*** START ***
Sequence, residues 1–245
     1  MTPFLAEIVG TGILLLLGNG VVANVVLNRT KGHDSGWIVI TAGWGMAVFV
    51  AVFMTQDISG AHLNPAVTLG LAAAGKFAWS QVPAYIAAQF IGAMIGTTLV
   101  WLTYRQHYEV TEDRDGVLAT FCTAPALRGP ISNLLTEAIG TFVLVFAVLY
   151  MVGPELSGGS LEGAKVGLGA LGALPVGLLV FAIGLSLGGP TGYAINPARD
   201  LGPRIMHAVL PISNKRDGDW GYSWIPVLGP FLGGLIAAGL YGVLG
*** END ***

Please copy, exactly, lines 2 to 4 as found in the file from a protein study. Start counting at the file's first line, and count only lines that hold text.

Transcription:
     1  MTPFLAEIVG TGILLLLGNG VVANVVLNRT KGHDSGWIVI TAGWGMAVFV
    51  AVFMTQDISG AHLNPAVTLG LAAAGKFAWS QVPAYIAAQF IGAMIGTTLV
   101  WLTYRQHYEV TEDRDGVLAT FCTAPALRGP ISNLLTEAIG TFVLVFAVLY